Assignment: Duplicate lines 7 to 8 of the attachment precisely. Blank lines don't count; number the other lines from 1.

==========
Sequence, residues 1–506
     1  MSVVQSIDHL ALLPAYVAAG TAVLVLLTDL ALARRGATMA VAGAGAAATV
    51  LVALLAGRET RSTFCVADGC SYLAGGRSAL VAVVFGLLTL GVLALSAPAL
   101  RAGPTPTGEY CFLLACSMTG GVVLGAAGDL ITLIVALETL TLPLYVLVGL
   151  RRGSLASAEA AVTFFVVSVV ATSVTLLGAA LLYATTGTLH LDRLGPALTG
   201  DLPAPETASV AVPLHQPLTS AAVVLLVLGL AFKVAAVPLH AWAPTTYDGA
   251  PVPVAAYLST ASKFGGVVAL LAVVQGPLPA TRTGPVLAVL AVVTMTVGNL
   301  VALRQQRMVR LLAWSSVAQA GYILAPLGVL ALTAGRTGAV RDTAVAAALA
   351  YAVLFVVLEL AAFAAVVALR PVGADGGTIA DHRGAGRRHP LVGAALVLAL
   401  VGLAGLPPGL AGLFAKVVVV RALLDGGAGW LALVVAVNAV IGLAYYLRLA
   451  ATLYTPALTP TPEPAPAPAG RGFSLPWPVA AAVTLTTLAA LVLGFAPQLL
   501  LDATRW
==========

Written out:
   251  PVPVAAYLST ASKFGGVVAL LAVVQGPLPA TRTGPVLAVL AVVTMTVGNL
   301  VALRQQRMVR LLAWSSVAQA GYILAPLGVL ALTAGRTGAV RDTAVAAALA